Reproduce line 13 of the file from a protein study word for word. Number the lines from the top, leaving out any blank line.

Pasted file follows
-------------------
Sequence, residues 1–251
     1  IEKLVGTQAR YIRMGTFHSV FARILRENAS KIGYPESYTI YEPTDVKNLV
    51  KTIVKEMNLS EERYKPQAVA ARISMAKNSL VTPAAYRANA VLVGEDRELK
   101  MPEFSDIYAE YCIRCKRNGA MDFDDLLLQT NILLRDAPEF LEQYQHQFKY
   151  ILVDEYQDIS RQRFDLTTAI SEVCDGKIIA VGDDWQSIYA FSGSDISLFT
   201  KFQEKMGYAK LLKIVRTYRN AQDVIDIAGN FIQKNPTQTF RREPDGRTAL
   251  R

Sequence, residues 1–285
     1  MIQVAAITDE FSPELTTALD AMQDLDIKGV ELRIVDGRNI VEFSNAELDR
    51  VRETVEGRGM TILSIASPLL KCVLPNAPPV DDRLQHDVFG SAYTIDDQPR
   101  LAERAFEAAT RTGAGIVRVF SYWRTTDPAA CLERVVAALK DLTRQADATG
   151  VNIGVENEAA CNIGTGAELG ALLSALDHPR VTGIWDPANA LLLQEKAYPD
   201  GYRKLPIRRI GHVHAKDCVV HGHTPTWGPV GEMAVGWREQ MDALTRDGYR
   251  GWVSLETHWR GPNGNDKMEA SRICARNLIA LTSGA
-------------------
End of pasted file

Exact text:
   201  GYRKLPIRRI GHVHAKDCVV HGHTPTWGPV GEMAVGWREQ MDALTRDGYR